Giving of false statements in the course of an official investigation constitute grounds for dismissal from municipal employment
2014 NY Slip Op 03944, Appellate Division, First Department
A New York City police officer [Plaintiff] was terminated from his position based on a finding that he had made false statements regarding his whereabouts to an investigating officer during a department "GO-15"* interview concerning his alleged unauthorized absence from his home while on sick report. Plaintiff admitted that he knew he was required to remain at his residence while on sick report and that he gave a false account of the reason for his absence at the GO-15 interview.
Plaintiff challenged his termination alleging that the penalty of dismissal was excessive and an abuse of discretion. The Article 78 petition filed by his then attorney was dismissed because the attorney had filed to file a timely appeal. Plaintiff then initiated an action against the attorney to “recover damages for legal malpractice” but Supreme Court dismissed Officer’s petition alleging legal malpractice.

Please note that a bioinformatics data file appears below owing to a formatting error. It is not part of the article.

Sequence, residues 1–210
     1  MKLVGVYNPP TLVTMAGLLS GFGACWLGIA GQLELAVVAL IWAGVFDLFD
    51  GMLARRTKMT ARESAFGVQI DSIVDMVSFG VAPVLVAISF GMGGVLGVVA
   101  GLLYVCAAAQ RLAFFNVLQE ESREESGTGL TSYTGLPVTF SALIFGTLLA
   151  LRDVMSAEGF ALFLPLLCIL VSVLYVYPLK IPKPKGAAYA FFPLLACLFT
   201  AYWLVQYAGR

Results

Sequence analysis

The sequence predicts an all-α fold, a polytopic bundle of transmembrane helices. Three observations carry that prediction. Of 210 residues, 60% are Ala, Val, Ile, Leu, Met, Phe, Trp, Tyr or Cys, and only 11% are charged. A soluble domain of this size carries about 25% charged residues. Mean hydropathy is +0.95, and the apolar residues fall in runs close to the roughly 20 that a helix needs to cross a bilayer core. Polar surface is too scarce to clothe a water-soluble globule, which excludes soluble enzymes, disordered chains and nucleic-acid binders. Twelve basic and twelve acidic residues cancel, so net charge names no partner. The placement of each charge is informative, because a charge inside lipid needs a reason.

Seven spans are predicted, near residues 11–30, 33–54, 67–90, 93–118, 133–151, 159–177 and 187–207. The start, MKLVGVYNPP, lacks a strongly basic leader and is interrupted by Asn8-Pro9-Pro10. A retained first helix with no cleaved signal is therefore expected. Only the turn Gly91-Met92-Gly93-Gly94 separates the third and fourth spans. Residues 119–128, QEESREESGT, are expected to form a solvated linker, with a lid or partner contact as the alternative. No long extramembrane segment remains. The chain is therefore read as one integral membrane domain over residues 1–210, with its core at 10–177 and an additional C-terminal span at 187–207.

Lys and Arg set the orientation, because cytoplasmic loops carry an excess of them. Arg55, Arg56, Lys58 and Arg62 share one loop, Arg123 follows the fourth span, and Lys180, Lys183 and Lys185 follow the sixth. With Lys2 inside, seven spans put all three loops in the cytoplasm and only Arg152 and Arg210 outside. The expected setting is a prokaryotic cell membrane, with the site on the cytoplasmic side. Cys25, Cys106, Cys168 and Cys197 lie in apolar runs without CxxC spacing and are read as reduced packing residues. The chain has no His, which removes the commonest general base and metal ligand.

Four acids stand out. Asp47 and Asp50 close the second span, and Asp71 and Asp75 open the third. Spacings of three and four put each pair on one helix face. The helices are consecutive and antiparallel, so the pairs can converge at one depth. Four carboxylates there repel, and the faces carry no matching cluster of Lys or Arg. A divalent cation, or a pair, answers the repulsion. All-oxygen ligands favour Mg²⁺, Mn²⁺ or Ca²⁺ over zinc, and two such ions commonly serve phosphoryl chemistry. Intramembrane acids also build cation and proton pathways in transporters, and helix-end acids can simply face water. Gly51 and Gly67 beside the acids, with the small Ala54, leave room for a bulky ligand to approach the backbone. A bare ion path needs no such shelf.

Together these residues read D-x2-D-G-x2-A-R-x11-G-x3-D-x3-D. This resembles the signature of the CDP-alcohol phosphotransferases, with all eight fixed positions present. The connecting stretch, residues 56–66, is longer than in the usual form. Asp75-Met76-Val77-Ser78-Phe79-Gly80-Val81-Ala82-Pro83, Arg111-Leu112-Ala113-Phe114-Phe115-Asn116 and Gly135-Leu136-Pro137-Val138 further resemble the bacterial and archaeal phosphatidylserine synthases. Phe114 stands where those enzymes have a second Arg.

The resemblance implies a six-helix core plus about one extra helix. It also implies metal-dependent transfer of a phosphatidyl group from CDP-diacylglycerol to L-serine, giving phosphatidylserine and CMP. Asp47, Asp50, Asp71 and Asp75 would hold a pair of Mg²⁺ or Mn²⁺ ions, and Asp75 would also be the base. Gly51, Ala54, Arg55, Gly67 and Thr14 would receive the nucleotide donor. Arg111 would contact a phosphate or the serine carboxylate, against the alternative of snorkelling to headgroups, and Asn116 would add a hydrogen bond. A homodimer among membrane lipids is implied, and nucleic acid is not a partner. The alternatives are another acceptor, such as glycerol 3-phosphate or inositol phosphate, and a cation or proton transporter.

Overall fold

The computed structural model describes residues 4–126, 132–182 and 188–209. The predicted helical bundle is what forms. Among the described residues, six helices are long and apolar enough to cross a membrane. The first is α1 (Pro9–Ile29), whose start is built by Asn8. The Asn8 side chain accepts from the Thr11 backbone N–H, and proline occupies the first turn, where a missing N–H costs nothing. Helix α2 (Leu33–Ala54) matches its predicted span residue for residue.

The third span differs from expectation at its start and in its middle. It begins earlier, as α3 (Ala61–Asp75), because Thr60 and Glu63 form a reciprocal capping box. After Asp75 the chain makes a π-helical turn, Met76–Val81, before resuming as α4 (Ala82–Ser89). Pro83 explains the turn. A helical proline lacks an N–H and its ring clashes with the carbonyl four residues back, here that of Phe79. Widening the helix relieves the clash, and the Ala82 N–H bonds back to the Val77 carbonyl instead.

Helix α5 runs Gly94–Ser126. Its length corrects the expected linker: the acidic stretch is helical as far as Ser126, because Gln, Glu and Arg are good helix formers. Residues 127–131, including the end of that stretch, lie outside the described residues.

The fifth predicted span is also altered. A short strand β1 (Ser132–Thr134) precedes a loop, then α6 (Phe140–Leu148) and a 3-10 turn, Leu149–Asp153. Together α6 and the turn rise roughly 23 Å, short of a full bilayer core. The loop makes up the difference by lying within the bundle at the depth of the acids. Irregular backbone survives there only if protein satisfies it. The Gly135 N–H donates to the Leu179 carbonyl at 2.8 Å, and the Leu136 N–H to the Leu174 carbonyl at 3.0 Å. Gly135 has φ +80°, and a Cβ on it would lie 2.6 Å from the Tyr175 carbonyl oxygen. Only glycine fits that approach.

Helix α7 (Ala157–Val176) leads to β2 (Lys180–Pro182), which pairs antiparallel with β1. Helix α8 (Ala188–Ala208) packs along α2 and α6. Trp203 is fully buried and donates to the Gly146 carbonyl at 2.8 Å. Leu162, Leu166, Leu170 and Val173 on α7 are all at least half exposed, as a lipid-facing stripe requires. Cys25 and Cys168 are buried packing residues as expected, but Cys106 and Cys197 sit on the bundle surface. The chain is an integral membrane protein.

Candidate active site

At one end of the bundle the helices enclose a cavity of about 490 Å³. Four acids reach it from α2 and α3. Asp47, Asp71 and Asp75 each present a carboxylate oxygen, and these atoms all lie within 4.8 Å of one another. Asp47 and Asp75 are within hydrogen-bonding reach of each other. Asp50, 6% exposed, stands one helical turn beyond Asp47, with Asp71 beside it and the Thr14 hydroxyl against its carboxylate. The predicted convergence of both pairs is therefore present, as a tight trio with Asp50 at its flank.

The Appellate Division affirmed the lower court’s ruling, explaining that in an action for legal exercise the ordinary reasonable skill and knowledge commonly possessed by a member of the legal profession and that the attorney's breach of this duty caused his or her plaintiff-client to sustain "actual and ascertainable damages." Further, said the court, to establish causation, the plaintiff-client must show that he or she “would have prevailed in the underlying action or would not have incurred any damages ‘but for’ the lawyer's negligence."
Supreme Court had granted the respondent attorney’s motion for summary judgment after finding this critical "but for" element was missing as Officer would not have prevailed in the underlying Article 78 proceeding challenging his dismissal from his position. The Appellate Division concurred with the Supreme Court’s ruling noting that “The giving of false statements in the course of an official investigation has been upheld as a ground for dismissal from municipal employment," citing Duncan v Kelly, 43 AD3d 297, affirmed 9 NY3d 1024.
As the United States Supreme Court held in Bryson v. United States, 396 U.S. 64 (1969), "Our legal system provides methods for challenging the Government's right to ask questions - lying is not one of them. A citizen may decline to answer the question, or answer it honestly, but he cannot with impunity knowingly and willfully answer with a falsehood."
* A GO-15 interview is one conducted "in connection with allegations of serious misconduct or corruption."
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